There was a period of time when I became obsessed with snakes. Yes, seriously – the creepy, crawly, sometimes deadly creatures that most shriek at the thought of. I found them to be fascinating; I researched them, I studied them, and I even wrote stories about them. What particularly attracted me was the idea of the shedding of the skin – the re-birth, renewal, and ability to recreate oneself.
I began to turn the focus inward and ask: what ideas about myself do I need to ‘shed’? What conceptions about who and what I am are no longer serving me? Why hold on to any concrete ideas about myself when life itself is about change?
It seems that often we get the message that we are supposed to have a fixed identity, and that when asked ‘who are you?’ at any given time we should have a pretty solid answer – an answer filled with our ideas, beliefs, attitudes, various roles, and characteristics. But if asked ‘who are you?’ ten years from now, or ten years prior to this very moment, of course this answer might change. In fact, I’m almost sure it would change.
As the days fly by, turning into years and decades, we often can’t see that we are, in fact, in a constant state of flux; it is our very nature to be impermanent, ever-changing, and ephemeral.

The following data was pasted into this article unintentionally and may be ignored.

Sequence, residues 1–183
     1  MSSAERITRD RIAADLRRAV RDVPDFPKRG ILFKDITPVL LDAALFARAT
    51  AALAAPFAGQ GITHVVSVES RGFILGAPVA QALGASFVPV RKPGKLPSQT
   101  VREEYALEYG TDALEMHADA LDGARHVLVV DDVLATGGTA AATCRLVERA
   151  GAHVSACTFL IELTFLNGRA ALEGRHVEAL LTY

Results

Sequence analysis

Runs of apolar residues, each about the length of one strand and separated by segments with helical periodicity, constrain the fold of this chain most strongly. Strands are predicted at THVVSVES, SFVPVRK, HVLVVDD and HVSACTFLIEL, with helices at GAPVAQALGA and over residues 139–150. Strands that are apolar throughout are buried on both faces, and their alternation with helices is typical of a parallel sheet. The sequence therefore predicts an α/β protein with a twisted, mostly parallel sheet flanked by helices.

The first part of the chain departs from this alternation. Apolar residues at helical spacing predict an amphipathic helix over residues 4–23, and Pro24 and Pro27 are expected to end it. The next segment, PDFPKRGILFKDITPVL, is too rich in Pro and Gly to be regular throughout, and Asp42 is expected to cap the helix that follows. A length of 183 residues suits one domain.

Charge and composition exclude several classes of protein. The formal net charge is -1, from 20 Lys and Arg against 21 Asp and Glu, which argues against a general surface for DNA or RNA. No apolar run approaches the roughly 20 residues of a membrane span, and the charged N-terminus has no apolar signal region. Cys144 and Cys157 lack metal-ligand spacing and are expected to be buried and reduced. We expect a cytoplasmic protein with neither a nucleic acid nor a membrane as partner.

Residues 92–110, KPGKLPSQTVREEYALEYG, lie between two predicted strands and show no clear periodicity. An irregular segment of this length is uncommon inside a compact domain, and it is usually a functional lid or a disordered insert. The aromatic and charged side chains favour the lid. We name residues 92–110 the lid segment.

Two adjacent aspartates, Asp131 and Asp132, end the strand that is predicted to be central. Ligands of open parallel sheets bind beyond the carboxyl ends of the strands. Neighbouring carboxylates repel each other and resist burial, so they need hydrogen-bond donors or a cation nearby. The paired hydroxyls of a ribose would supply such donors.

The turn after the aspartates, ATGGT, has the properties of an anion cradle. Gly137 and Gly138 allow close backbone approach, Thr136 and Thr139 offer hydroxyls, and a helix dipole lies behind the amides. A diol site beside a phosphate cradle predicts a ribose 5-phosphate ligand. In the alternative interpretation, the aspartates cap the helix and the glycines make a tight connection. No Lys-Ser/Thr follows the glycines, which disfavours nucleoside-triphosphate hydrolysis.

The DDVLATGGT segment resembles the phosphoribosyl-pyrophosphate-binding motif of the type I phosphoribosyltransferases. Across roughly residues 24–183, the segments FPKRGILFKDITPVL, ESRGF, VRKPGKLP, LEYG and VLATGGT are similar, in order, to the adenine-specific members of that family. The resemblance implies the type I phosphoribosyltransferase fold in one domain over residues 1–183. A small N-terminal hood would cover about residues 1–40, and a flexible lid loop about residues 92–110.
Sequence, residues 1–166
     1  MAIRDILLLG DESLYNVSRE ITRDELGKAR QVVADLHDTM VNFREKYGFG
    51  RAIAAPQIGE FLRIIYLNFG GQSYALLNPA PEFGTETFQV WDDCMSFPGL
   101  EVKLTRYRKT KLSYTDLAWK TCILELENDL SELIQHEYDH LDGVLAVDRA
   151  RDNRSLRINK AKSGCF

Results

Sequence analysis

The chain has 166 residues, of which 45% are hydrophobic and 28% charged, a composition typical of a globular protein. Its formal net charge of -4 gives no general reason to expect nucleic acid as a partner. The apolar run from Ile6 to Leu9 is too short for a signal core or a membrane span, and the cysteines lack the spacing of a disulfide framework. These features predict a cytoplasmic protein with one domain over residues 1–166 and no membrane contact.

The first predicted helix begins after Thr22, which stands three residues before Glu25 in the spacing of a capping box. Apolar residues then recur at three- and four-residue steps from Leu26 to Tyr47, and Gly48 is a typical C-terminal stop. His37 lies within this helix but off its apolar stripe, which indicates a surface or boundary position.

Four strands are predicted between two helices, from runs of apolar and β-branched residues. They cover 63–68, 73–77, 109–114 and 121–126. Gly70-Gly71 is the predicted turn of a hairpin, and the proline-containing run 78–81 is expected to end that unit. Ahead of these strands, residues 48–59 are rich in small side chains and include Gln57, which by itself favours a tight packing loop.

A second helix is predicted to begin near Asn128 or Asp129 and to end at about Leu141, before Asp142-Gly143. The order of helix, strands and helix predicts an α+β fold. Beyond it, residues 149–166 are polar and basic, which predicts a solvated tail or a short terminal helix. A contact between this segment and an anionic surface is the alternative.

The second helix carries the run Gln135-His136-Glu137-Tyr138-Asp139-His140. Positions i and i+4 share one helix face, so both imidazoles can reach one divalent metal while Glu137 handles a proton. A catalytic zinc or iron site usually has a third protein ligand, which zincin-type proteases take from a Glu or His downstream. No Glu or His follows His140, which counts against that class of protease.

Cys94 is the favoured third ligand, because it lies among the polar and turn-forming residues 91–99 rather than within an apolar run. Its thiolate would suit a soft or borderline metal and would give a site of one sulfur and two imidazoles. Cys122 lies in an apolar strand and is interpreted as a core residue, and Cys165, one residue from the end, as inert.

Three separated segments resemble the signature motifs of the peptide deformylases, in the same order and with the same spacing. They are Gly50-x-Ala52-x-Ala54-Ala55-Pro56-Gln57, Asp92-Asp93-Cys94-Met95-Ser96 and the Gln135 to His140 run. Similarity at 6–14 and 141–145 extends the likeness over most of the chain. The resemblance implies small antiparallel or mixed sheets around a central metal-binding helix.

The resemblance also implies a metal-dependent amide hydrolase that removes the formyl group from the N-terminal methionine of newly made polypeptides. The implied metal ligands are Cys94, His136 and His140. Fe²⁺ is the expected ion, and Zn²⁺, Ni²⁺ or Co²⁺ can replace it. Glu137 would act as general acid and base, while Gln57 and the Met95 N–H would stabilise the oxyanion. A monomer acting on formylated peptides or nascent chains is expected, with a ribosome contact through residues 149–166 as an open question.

Alan Watts would say, “Trying to define yourself is like trying to bite your own teeth.”
There is, I suppose, a sort of comfort, in this universe of mystery, in feeling as though we have a solid, relentless definition of who and what we are. It may feel like we’ve resided in a place of security when we’ve come to some sort of conclusion about ourselves; but as we might find, this quickly becomes burdensome.
We must be willing to “shed our skin” as much as is required to become that which experience and life has asked us to become. We’ve gotta be willing to be flexible, loose, and ready to roll with change because, whether we like it or not, change is always knocking at the door, waiting to be invited in.
Take it from me – I’ve resisted change like it were the ultimate enemy to the level of relative (though illusory) comfort I’ve come to know. But ultimately, when I am ready and willing to let go of who I am, and reinvent myself, I find that I become wiser, stronger, and an overall better human being. Every day, whether I see it or not, I’m growing and morphing, flourishing and sprouting – becoming more. Resisting this change would be resisting my highest good.
It’s not always easy – I’ve clung tightly to these definitions of myself as though they were my saving grace. I’ve held on tightly to opinions, beliefs, attitudes, and people that no longer served me, but that felt merely familiar and comfortable. However, holding on quickly becomes painful, and creates a rigidity in my body, mind, and soul. Life asks us to move with it: to do it’s dance. To flow. To move onward and upward and be ready to adjust our metaphorical sails when the wind changes direction.
And it always changes direction.
Be willing to wake up each morning and shed your skin – it isn’t required of any of us to be the same people we were yesterday (or even ten minutes ago). Drop old ideas, beliefs, and concepts that no longer serve you, and let yourself be brand new.
Be flexible, friends. Feel the power in recreating yourself over and over, and as much as you’d like.
Here’s to starting again.